Living in a diverse society
Conflict in a community
Sometimes people with different cultural identities fail to understand each other.
Misunderstanding can lead to fear.
Fear can cause:
- Prejudice — intolerance and mistreatment of a person because of their race, religion, sexuality, disability or political beliefs.
- Stereotyping — making an unfair assumption or generalisation about a person based on an aspect of their cultural identity. Examples include the belief that ‘women can’t drive’, or describing people as ‘hoodies’ or ‘chavs’.
- Sectarianism — treating a person unfairly because of their religion. In Northern Ireland, this most commonly occurs between Catholics and Protestants.
- Racism — mistreating someone based on their race or ethnicity.
- Homophobia — disliking someone because of their sexual orientation.
These challenges can lead to conflict in a community if they are not properly addressed.
If people from different communities do not, or cannot, integrate with one another they may feel excluded and isolated.
Causes and consequences of conflict
Conflict can happen on a local, national and global scale.
An increase in the number of people in a particular area can put pressure on public services such as housing and hospital waiting lists.
However, immigrants contribute more in tax income than they use in services.
There is evidence of prejudice against immigrants across Northern Ireland.
A 2018 headline from the Belfast Telegraph reads:
Racist crimes outnumber sectarian incidents in Northern Ireland in past year
This is despite the contribution that migrants make to Northern Ireland’s culture and economy.
- Migrants make a significant contribution to the economy: they fill skills gaps, pay taxes, and spend money.
- Migrants contribute to Northern Ireland’s cultural diversity.
- Some people may think that migrants take jobs from local people. This view likely arises from prejudice. Studies show that migrants expand the economy, thereby creating more jobs than they fill.
- Some people may think that migrants come to Northern Ireland to claim benefits. While this may be true in a minority of cases, the majority of migrants find gainful employment.
- Migrants have caused an increased demand for public services such as healthcare, education, and social housing.
Local conflict - dealing with sectarianism
The main conflict in Northern Ireland over the past fifty years has been sectarian - that is, between different religions (in this case, Catholics and Protestants).
Sectarianism in Northern Ireland takes several forms:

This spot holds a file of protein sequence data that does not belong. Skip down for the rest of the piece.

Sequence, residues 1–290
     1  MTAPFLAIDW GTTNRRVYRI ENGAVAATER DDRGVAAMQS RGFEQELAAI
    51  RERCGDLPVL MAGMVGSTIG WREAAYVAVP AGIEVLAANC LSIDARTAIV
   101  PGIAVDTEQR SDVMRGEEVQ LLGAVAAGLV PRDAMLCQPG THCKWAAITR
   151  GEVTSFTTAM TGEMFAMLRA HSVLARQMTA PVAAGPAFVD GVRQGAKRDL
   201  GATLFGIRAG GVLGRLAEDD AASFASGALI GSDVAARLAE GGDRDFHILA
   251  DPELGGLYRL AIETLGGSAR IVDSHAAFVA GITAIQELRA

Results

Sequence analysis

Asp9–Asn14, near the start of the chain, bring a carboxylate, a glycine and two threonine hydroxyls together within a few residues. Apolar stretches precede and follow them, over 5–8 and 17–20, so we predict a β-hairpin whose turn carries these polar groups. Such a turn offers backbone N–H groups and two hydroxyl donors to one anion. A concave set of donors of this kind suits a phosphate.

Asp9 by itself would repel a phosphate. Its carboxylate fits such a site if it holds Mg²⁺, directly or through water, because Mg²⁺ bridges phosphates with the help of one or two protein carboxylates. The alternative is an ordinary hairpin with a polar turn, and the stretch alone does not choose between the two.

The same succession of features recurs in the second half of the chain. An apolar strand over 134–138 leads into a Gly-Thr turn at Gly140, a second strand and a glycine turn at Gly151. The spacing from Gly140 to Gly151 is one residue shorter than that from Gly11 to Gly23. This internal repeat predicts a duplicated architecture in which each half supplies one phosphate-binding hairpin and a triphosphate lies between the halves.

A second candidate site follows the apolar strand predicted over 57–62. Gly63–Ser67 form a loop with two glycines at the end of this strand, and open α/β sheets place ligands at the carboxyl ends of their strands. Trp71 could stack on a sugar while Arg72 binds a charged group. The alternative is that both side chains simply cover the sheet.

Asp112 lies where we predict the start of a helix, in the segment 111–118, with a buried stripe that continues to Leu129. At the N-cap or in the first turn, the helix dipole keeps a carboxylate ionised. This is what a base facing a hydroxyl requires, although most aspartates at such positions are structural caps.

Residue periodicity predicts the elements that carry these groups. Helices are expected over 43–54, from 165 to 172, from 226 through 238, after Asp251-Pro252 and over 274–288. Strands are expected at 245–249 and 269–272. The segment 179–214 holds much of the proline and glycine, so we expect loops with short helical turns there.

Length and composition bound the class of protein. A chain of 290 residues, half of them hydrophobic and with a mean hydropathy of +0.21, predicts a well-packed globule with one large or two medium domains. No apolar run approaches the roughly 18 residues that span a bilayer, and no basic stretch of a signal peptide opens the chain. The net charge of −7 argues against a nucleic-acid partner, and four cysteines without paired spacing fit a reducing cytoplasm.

Hostility and tension in certain communities or at ‘flashpoints’ between Catholic and Protestant areas. Hostility is often demonstrated through the flying of flags, to show that only one side of the community is welcome.
Exclusion as some communities ‘stick together’ and don't associate with people from other groups.
Discrimination as people are denied jobs or rights based on their religion.
Violence broke out across Northern Ireland during the Troubles, mainly perpetrated by paramilitary groups such as the IRA and the UVF. This violence continues on a small scale today.
National - conflict across the UK
Here are some examples of conflict that has occurred throughout the UK:
- Exclusion: minority groups may feel marginalised, and may not integrate with the rest of society.
- Sectarianism: religious intolerance in the UK is not as strong as it is in Northern Ireland. Nevertheless, tension does exist between Christian, Muslims, Jews, and Hindus.
- Racism and ethnic tensions: some people hold negative views of those from other ethnic backgrounds. These views may be expressed as racist remarks, discrimination or even violence.
- Social unrest: this arises when sections of society are opposed to government policy, or to actions of the state. Social unrest is usually expressed as rioting and looting.
- Inequality: this is the difference in wealth and income between different groups in society. It is normal to have some rich people, and some poor people. However, conflict arises when these differences become too great.
Global - conflicts around the world
There are many conflicts around the world. Here are some current examples.
- Religion: discord between Hindus and Muslims in India and Pakistan.
- Sexuality: persecution of LGBT people in Russia and other countries.
- Gender: the abuse of women by Boko Haram in Nigeria.
- Race: police killings of black people in the USA.